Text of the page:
The Barada (Arabic: بردى, Greek: Chrysorrhoas) is the main river o Damascus, the caipital ceety o Sirie. It flows through the spring o `Ayn Fijah (عين فيجة), aboot 27 km north wast o Damascus in the Anti-Lebanon Muntains, but its source is Lake Barada, locatit at aboot 8 km frae Zabadani. The Barada descends through a steep, narrow gorge namit "Rabwe" afore it arrives at Damascus, whaur it divides intae seiven branches that irrigate the oasis o Ghouta (الغوطة). The 'Barada' name is thought tae derive frae 'barid', i.e. 'cauld'. The auncient Greek name means 'gowden stream'.
Throughoot the arid plateau region east o Damascus, oases, streams, an a few interior rivers that empty intae swamps an sma lakes provide watter for local irrigation. Maist important o these is the Barada, a river that rises in the Anti-Lebanon Muntains an disappears intae the desert. The Barada creates the Al Ghutah Oasis, steid o Damascus. This verdant aurie, some 370 square kilometers, haes enabled Damascus tae prosper syne auncient times. Frae the mid-1980s onwards, the size o Al Ghutah wis gradually being erodit as suburban hoosin an licht industry frae Damascus encroached on the oasis.
The river haes suffered frae severe drought in the last decades, mainly due tae the lawer rainfaw rates an the lairge increase in the population in the region. It an aw suffers frae serious pollution problems, especially in the simmer, whaur there is amaist nae flow an little watter in the basin.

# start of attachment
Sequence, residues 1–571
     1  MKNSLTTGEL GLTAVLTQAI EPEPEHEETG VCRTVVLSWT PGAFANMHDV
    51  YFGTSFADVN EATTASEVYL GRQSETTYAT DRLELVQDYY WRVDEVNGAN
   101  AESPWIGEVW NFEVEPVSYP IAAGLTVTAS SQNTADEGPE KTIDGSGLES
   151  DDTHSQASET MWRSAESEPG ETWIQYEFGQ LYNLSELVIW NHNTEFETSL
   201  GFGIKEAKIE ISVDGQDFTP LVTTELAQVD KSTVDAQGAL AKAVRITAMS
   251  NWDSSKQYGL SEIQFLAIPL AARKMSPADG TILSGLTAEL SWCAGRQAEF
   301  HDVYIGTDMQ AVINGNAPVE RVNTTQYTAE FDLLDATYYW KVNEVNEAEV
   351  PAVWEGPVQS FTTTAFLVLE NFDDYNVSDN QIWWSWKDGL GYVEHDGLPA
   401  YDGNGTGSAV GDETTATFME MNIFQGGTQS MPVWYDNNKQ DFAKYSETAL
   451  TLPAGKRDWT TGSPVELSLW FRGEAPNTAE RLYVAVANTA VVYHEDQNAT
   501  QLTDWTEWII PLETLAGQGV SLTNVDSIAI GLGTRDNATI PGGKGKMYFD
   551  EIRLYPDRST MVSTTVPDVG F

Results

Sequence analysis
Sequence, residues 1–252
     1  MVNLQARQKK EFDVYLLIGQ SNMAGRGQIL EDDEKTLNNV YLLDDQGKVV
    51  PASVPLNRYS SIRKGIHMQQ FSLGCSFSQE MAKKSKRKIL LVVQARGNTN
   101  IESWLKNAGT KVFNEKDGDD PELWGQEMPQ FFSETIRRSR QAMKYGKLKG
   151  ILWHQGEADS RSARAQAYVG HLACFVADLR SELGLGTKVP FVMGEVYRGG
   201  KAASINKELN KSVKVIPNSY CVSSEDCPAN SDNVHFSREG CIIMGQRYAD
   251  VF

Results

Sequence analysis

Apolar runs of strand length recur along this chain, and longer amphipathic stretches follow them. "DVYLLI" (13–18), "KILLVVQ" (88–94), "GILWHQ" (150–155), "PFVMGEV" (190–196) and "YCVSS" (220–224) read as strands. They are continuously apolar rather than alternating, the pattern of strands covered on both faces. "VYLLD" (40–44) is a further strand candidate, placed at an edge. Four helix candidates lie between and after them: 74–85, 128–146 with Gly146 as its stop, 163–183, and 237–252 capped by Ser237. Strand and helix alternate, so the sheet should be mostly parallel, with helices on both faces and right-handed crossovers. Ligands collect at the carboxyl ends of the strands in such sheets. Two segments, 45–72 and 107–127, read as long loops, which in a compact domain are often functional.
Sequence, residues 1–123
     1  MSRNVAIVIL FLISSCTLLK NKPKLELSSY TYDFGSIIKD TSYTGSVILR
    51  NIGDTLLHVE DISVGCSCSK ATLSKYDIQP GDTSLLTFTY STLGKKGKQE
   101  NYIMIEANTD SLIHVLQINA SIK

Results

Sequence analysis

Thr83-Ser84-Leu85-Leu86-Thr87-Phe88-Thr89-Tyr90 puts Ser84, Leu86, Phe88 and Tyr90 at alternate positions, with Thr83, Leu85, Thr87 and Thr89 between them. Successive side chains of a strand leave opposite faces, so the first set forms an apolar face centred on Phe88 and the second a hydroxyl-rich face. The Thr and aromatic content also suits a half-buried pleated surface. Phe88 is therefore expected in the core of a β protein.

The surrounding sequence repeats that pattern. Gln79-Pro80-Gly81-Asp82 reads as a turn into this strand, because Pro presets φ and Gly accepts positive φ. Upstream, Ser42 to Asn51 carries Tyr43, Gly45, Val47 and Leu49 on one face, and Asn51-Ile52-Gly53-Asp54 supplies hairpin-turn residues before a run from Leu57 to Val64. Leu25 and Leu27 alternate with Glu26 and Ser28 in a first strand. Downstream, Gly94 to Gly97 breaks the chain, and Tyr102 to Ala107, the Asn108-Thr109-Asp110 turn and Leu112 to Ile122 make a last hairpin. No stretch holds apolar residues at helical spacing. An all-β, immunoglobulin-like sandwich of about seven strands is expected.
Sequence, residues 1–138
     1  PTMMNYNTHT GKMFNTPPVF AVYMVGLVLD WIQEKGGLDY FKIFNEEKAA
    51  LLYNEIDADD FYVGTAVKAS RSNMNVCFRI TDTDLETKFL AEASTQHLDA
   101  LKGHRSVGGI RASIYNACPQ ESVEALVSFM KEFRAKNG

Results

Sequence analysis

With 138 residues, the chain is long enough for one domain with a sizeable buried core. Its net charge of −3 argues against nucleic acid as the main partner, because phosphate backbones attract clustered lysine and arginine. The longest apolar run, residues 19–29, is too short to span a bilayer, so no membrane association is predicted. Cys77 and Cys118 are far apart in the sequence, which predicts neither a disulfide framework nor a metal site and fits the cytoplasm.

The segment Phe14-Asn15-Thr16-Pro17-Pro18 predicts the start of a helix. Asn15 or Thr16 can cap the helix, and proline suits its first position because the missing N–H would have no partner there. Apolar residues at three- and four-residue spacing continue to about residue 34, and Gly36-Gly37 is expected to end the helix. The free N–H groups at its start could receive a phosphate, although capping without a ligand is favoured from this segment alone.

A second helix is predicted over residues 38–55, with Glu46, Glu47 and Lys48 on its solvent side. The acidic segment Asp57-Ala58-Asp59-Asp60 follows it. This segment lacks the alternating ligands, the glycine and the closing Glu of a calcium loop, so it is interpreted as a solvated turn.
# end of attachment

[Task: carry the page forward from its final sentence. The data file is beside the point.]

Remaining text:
Barada is identifeed as Abana (or Amanah, classical Chrysorrhoas) which is the mair important o the twa rivers o Damascus an wis mentioned in the Beuk o Keengs (2 Keengs 5:12). As the Barada rises in the Anti-Lebanon Muntains, an escapes frae the muntains through a narrae gorge, its waters spread oot fan-like, in canals or rivers, the name o ane o which, the Banias river, retains a trace o Abana.
John MacGregor, who gives an interestin description o them in his beuk Rob Roy on the Jordan, affirmit that as a work of hydraulic engineering, the system and construction of the canals, by which the Abana and Pharpar were used for irrigation, might be considered as one of the most complete and extensive in the world. In the Bible, Naaman exclaims that the Abana and Pharpar are greater than all the waters of Israel.
|Wikisource haes the text o the 1911 Encyclopædia Britannica airticle Abana.|
- From Gutenberg Encyclopedia (1911)
- Chisholm, Hugh, ed (1911). "Abana". Encyclopædia Britannica (11t ed.). Cambridge University Press.
See an aw
- Water resources management in Greater Damascus
- Before Vanishing, a documentary aboot the decline o Barada.